mobile photography technology, culture and community

The iPad Workflow

Apple's latest iPad features a high resolution Retina display with a wider color gamut.

When Apple launched the original iPad back in 2010, photographers quickly embraced this sleek, portable device as an elegant way to present their images. But if you think of the iPad primarily as a digital picture frame, think again. The release of the third-generation iPad with its high resolution Retina display makes the strongest case yet for the iPad as a professional production tool for photographers on the go, with an expanded role in the image-creation process.

I'm going to show you how to incorporate Apple's latest iPad into three distinct stages of the production workflow: image capture, organization and editing. But first, a few words about its most significant new feature, the Retina display.

Retina display

Like the backlit-LCD displays on previous iPads, the Retina display on the third-generation iPad is an IPS (in-plane switching) screen that allows a much wider viewing angle than the traditional and less expensive TN (twisted nematic) technology. This means you can view the iPad at a variety of off-axis angles without colors noticeably shifting in hue and contrast as they do on most laptop screens. And by all accounts Apple has been able to maintain the impressive unit to unit consistency in color output we've seen in previous iterations of the iPad. There are two areas though in which the Retina display offers a clear advantage over its predecessors.

Resolution and gamut

Sporting a 2048 x 1536 pixel screen, the Retina display offers a native screen resolution of 264 pixels per inch (ppi). For comparison, the iPad 2 had a resolution of 132 ppi and fewer than 1/3 of the Retina display's total pixels. Zooming in on a super-high resolution 36MP digital camera file for a 1:1 screen view reveals a level of clarity and detail that rivals or exceeds the standalone monitor most of us have sitting on our desk. On the Retina display, even slight image defects are easily spotted.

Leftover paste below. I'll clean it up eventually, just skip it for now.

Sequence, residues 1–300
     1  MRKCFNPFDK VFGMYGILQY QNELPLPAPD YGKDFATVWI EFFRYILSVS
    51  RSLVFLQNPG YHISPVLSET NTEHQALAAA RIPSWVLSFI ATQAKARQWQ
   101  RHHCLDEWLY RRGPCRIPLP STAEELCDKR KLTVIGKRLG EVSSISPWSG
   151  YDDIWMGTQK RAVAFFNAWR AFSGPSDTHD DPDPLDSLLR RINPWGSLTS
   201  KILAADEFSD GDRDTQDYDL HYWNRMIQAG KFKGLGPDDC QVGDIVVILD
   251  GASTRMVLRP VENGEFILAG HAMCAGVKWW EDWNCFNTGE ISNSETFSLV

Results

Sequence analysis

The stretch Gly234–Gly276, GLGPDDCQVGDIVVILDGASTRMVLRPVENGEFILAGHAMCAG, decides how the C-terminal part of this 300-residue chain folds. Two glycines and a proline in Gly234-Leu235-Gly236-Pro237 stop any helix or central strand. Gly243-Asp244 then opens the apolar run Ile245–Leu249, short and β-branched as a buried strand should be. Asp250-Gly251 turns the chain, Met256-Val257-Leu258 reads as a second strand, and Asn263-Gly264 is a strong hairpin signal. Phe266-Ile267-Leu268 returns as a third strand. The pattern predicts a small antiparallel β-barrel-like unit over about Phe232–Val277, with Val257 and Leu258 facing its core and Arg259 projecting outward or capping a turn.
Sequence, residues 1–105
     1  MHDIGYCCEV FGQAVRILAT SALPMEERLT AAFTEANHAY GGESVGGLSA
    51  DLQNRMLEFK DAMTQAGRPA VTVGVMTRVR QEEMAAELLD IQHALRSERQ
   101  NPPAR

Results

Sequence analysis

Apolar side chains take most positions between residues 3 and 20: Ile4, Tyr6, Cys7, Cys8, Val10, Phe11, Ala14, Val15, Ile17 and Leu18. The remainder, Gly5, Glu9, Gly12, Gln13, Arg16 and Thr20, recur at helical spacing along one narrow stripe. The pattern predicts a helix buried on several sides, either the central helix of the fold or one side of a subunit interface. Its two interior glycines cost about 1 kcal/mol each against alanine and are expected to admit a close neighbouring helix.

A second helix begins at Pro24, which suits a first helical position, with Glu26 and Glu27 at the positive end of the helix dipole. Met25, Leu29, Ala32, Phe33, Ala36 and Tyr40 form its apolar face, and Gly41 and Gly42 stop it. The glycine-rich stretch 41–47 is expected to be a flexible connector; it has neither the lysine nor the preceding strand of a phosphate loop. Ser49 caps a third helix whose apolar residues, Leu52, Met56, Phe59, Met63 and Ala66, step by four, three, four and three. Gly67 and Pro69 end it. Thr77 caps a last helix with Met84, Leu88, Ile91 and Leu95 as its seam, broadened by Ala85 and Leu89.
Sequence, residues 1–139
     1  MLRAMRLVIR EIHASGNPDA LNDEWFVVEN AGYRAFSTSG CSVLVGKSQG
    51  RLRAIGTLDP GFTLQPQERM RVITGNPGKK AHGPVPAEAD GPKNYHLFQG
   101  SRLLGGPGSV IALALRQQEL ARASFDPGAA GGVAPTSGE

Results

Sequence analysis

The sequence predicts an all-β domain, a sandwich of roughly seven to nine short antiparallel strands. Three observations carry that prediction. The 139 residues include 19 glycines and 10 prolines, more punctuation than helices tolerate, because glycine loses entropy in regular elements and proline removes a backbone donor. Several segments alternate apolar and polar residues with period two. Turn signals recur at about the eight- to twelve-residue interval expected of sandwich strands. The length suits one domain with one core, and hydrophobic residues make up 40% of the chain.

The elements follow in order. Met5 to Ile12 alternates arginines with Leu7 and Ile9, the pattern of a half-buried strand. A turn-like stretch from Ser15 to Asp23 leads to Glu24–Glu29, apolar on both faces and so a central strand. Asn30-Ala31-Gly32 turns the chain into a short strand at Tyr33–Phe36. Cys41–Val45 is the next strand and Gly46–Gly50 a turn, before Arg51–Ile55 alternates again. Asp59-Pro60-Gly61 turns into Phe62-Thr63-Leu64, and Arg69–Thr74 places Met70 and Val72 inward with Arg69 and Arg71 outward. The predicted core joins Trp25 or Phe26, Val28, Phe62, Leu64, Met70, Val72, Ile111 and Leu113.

In addition to its impressive resolution, the Retina display offers a significantly expanded color gamut that encompasses a wider range of saturated colors, particularly among reds and blues. In fact, Apple has designed the iPad's color gamut as a nearly identical match to the sRGB color space.

Apple's third-generation iPad has a color gamut (shown in red) designed to mimic the de facto web standard sRGB color space (shown in green). Measuring my iPad's color gamut using Datacolor's Spyder 4 Elite colorimeter and analysis software indicates a 96% match of the sRGB color space.

You can read more about this breakthrough in glorious color geek detail on the display testing site DisplayMate. The takeaway though, is that because sRGB is the de facto standard color space for the web, image colors you see on your iPad will closely match those you (or your client) see online, with one caveat.

Color Management...not!

Apple's iOS devices, like the early versions of most web browsers, are not color-managed, meaning they do not honor ICC color profiles. They simply assume that every image exists in the sRGB color space. If you load an image on your iPad with colors defined by say, the Adobe 1998 RGB or ProPhoto RGB color spaces, as shown below, you will not see accurate colors.

These are screenshots from the built-in Photos app on my iPad. Each image is embedded with a different ICC color profile (from left to right): sRGB, Adobe RGB 1998 and ProPhoto RGB. In a color-managed OS all three images will look identical. iOS devices, however, do not honor ICC color profiles and instead assume every image to be in the sRGB space. As a result, only the sRGB image above displays accurate color.

There is a part-time workaround which I'll discuss later, but its important to know that using the iPad as part of a color-critical workflow means ensuring that the images you send to it are rendered in the sRGB color space. If you do that, then right out of the box, the iPad will deliver a more accurate rendition of a wider range of sRGB-defined colors than not only any other mobile device, but the vast majority of laptops as well.


Total comments: 76
By vqro (Oct 18, 2012)

God, as usual, the Android folks are going nuts because someone (gasp!) actually suggested that an apple product may be used by photographers. Oh the injustice!

Man I am so sick of all the whining because and Android tablet didn't get the same attention. Poor, poor fandroids.

Wick Smith
By Wick Smith (Oct 16, 2012)

I use the Eye-Fi card with the Canon 5D Mark III. I send the RAW image to the CF card and a small jpeg to the Eye-Fi card in the SD slot. Because the small jpeg has more than enough resolution for the iPad, I can easily get a good sense of what the camera has captured. Small jpegs transfer very quickly over the Eye-Fi link using Direct Mode.

I don't have the need to store the actual full-res images on my iPad. I use it entirely as a high-quality preview and to let clients see what I've shot. My workflow on the CF card remains the same as always.